100%

Scanned image of the page. Keyboard directions: use + to zoom in, - to zoom out, arrow keys to pan inside the viewer.

Page Options

Share

Something wrong?

Something wrong with this page? Report problem.

Rights / Permissions

The University of Michigan Library provides access to these materials for educational and research purposes. These materials may be under copyright. If you decide to use any of these materials, you are responsible for making your own legal assessment and securing any necessary permission. If you have questions about the collection, please contact the Bentley Historical Library at bentley.ref@umich.edu

October 06, 2011 - Image 34

Resource type:
Text
Publication:
The Detroit Jewish News, 2011-10-06

Disclaimer: Computer generated plain text may have errors. Read more about this.

metro >> around town

Making Bread

T

emple Israel's IMAGINE Young Adult Group gathered for a challah-baking
workshop at Dakota Bread in West Bloomfield recently. Young adults learned
the basics of challah baking, while kneading, rolling out and braiding the

dough.

Lori Semel and Cheryl Spektor, both of West Bloomfield

Rabbi Jennifer Kaluzny led a study session on the history of challah baking and its
significance on the Shabbat table.
Each participant was able to pick up a challah they made personally on Friday
morning – just in time to celebrate Shabbat with their families.

Laura Markle of Royal Oak, Jessica Migliore of West Beth Fienman of Farmington Hills and Binay Manche( of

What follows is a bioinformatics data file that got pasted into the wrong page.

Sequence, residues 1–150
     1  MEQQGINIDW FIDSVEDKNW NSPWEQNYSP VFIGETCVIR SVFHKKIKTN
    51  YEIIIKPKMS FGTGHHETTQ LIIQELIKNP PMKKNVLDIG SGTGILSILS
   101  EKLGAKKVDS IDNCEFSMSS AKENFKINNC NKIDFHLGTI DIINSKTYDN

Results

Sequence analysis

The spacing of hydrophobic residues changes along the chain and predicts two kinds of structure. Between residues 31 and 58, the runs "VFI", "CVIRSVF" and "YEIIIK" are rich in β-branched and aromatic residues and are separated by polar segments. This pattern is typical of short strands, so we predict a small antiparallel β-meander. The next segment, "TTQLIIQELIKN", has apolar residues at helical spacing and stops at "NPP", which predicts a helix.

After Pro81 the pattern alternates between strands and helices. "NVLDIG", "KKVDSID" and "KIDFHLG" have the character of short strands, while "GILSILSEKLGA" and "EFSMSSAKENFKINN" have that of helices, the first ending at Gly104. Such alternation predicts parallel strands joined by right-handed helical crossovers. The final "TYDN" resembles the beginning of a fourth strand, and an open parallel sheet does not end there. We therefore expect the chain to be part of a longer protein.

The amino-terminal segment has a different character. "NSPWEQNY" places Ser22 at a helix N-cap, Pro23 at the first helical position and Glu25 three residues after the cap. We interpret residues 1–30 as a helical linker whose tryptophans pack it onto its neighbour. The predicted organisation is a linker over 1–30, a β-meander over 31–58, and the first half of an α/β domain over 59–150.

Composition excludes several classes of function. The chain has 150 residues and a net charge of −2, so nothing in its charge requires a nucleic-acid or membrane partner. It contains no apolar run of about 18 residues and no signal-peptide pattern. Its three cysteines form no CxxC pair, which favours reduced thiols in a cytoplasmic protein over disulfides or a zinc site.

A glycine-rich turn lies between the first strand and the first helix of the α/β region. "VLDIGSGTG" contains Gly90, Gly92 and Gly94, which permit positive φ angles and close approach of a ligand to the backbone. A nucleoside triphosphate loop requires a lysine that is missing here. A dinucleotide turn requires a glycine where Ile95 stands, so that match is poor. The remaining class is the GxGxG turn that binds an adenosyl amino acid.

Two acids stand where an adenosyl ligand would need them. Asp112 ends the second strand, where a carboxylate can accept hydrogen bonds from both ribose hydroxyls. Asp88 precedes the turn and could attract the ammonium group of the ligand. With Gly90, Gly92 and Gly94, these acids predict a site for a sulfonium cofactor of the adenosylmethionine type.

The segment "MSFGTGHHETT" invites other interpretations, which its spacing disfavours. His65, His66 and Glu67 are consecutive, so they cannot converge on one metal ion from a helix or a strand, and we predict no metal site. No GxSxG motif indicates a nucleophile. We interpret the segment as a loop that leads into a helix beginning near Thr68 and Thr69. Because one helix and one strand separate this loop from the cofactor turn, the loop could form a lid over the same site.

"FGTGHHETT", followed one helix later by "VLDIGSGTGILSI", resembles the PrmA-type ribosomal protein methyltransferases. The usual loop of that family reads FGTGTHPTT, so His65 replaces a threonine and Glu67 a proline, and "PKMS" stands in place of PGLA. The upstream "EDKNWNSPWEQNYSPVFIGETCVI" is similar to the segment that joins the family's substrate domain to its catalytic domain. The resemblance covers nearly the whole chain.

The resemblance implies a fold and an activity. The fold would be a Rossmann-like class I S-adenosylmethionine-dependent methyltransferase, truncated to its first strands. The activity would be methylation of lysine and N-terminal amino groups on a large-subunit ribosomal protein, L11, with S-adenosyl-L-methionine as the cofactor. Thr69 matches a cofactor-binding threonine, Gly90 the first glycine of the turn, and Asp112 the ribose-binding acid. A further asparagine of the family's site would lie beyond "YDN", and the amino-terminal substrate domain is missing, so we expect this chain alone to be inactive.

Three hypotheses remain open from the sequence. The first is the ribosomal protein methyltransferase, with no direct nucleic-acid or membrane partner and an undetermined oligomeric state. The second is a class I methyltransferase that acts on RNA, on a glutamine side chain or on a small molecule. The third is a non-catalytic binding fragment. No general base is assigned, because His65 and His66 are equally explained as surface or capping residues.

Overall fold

Bloomfield and Can Fayne of Birmingham in Dakota

West Bloomfield

Bread

New Year At Hillel

School-wide efforts help
students prepare to celebrate
the High Holidays.

encils, notebooks, Smart Boards, apples
and — shofars! That's what's been happen-
ing at Hillel Day School recently as students
get back into their routines and prepare for Rosh
Hashanah.
Hind's youngest learners in the Early Childhood
Center have been enjoying the symbols and fruits of
the New Year by creating beautiful plates for apples
and honey (representing a fresh new beginning and
sweetness for the cycle of their Jewish lives), shofars
and counting and cooking with apples.
For elementary students, authentic learning came
alive with challah baking and a visit from Rabbi
Shneur Silberberg of the Bais Chabad Torah Center,
who showed first-graders how shofars are actu-
ally created — thankfully using a fake ram. The
sound of the shofar could be heard throughout the
hallways surrounding the music classrooms as chil-
dren attempted to blow the shofar themselves with
encouragement from their classmates.
Heartwarming messages for "health','"peace,'"a
cure for diabetes" and "wanting to read better" are
just a few wishes to be found in apple baskets hang-
ing outside of a second-grade classroom. Students at
the Frankel School in Jerusalem, Hillel's sister school,
will be enjoying Rosh Hashanah cards from their
third-grade counterparts. Rosh Hashanah lessons are
integrated into the fourth-grade language arts unit
"Challenges',' as children discuss and write about the
challenge of asking others for forgiveness, embodying
what Jews customarily do during the 10-day period
between Rosh Hashanah and Yom Kippur.
The children are able to apply the values and les-
sons learned to their own lives as they contemplate
their wishes for a new beginning and how their
actions impact the world around them.

34

October 6 • 2011

aN

Hillel Day School first-graders learned

how shofars come from a ram's horns.

Rebecca Rabin of Royal Oak and Talia Rotberg of Bloomfield Hills check

ECC student Jonah Zekman of Franklin

out their Rosh Hashanah books.

dips his apple into honey.

Back to Top

© 2021 Regents of the University of Michigan